Tuesday, December 8, 2015

Cathedral of Saint Paul, Minnesota

The first cathedral in Saint Paul, Minnesota, was a log cabin used by Bishop Joseph Cretin in 1851. A second cathedral was built that year but was still too small. In 1858 the third cathedral was built and remained in use until 1914. Then the current cathedral was built in the classical revival style.

Side exterior view of St. Paul's Cathedral

The front

The building is reminiscent of European cathedrals both outside and inside.


The main part of the church has a large dome supported by four corner pillars, each of which has a niche for a statue of an evangelist.


St. Mark

St. Luke

The main altar has an impressive baldachino just like St. Peters in Rome.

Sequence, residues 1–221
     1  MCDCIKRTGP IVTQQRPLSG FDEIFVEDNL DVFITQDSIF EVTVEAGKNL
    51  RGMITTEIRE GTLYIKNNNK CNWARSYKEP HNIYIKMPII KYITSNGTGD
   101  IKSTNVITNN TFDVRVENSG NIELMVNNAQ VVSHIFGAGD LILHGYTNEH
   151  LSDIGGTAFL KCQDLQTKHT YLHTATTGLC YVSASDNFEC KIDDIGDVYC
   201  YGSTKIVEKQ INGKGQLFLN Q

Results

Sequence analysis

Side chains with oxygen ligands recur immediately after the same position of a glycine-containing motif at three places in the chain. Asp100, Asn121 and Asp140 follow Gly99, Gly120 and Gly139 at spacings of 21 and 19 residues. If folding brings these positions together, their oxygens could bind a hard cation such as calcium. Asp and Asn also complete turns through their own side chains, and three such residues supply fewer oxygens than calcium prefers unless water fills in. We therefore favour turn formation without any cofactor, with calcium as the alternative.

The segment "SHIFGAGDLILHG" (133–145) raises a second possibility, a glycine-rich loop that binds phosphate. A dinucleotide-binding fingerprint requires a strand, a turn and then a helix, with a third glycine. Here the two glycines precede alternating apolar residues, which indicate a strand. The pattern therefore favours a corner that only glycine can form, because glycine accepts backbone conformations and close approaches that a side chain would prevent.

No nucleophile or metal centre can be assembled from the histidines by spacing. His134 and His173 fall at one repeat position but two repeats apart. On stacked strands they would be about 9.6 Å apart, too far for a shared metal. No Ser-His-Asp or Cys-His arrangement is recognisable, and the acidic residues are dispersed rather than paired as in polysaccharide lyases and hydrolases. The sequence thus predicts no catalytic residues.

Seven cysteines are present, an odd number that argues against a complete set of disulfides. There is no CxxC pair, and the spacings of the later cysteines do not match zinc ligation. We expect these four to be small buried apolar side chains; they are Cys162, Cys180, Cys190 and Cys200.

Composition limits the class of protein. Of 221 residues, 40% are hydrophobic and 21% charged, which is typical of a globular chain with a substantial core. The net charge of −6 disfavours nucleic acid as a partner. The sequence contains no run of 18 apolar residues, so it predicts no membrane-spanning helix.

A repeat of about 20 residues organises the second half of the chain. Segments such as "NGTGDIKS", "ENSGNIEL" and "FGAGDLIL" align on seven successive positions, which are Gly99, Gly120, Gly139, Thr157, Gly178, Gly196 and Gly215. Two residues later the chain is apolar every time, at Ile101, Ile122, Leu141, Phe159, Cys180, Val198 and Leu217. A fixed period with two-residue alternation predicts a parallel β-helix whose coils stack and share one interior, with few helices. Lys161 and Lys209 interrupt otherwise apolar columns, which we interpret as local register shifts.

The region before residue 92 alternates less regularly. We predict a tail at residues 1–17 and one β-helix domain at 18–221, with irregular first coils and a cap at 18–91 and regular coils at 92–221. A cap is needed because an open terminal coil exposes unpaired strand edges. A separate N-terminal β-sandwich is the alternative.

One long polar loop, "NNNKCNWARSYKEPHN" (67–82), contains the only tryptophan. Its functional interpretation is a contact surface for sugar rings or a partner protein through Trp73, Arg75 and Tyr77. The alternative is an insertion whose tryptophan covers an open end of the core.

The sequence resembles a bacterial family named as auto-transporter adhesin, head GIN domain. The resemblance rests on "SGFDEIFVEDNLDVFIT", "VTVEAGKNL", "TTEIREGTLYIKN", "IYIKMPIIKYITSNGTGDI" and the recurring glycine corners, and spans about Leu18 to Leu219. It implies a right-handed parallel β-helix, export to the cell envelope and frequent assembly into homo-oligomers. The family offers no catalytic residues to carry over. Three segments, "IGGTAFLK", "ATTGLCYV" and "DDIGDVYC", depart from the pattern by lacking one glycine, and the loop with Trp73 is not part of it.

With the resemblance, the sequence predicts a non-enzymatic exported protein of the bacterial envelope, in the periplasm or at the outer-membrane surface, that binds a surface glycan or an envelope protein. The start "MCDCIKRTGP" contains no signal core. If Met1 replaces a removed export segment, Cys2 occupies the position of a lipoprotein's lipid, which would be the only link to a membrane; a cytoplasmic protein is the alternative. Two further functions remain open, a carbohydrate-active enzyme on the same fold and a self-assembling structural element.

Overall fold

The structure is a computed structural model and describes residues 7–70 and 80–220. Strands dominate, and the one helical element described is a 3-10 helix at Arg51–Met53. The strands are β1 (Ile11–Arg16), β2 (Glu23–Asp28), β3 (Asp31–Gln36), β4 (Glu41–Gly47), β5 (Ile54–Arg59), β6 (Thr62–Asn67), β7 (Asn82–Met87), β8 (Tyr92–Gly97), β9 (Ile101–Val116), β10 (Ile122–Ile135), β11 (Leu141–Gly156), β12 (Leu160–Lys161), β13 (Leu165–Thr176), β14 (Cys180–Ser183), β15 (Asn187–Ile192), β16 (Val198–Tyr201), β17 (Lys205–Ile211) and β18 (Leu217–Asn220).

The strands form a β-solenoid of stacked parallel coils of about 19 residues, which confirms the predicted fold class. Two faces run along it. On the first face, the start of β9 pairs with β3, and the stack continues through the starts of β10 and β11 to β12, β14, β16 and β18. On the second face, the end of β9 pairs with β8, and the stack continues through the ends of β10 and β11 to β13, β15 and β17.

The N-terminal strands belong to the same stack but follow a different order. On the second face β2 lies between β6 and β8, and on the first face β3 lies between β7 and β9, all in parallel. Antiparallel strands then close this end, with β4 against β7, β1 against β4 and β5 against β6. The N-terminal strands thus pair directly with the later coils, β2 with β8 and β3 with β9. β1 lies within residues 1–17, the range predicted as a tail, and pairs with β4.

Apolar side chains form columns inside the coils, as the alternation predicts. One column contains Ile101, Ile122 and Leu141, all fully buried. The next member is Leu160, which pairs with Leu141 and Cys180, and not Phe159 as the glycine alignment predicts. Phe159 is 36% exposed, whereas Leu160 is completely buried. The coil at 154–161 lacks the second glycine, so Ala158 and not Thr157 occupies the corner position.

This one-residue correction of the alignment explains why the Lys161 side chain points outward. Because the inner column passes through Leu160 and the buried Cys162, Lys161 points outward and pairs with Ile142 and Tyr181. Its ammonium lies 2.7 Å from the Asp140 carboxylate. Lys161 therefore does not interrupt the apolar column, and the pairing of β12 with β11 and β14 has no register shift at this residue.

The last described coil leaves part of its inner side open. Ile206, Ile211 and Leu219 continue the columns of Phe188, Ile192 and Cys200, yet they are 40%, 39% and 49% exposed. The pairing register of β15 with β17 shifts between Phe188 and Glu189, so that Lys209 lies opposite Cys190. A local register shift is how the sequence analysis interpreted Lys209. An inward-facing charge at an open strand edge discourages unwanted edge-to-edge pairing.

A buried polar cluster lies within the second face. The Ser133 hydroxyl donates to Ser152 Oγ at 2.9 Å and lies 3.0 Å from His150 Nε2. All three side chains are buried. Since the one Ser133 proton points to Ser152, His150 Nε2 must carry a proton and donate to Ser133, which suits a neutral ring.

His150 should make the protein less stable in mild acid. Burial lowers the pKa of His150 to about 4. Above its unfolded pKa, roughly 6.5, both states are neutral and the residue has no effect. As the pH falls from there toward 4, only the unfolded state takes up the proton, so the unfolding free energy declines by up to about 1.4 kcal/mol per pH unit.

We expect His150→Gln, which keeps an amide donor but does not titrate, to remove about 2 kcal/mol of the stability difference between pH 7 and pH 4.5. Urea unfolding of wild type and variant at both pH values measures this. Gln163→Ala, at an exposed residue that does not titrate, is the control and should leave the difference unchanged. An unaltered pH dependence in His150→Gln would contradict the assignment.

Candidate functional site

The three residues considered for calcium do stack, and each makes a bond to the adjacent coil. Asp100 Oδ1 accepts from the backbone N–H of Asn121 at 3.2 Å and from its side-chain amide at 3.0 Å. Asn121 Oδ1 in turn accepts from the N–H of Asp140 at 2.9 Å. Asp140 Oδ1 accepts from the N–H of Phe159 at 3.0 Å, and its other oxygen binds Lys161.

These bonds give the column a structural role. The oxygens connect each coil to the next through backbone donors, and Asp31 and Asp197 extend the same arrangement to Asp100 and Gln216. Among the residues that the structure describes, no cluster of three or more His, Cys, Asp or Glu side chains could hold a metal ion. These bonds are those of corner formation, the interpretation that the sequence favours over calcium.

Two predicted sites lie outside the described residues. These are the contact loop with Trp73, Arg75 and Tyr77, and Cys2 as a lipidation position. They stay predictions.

View of the sanctuary

The main altar

The baldachino

The dome over the main altar

Cathedra (bishop's chair)

There are a few side altars, the largest two being the Chapel of the Blessed Virgin and the Chapel of Saint Joseph.

Chapel of the Blessed Virgin

Chapel of Saint Joseph

Chapel of the Sacred Heart

In the Founder's Chapel is a copy of Michaelangelo's Pieta.


The lower level has a museum (which was closed while we were visiting) and a few exhibits from the history of the cathedral.

Lintel from one of the earlier cathedrals

Bell used in the first three cathedrals

Archbishop John Ireland, who oversaw the construction of the current cathedral

A Lego version of the cathedral has been constructed and is displayed downstairs.

Lego Saint Paul's

Over the front entrance

We went out the front doors and discovered the cornerstone.


Us at the front entrance

It was a windy day

The back of the cathedral (the chapter house?)

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